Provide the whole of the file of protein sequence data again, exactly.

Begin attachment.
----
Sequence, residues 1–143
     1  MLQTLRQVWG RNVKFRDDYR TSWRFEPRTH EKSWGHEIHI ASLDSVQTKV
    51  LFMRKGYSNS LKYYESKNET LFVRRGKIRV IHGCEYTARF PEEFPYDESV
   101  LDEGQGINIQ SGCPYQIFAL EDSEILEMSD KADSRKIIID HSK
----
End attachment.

Sequence, residues 1–143
     1  MLQTLRQVWG RNVKFRDDYR TSWRFEPRTH EKSWGHEIHI ASLDSVQTKV
    51  LFMRKGYSNS LKYYESKNET LFVRRGKIRV IHGCEYTARF PEEFPYDESV
   101  LDEGQGINIQ SGCPYQIFAL EDSEILEMSD KADSRKIIID HSK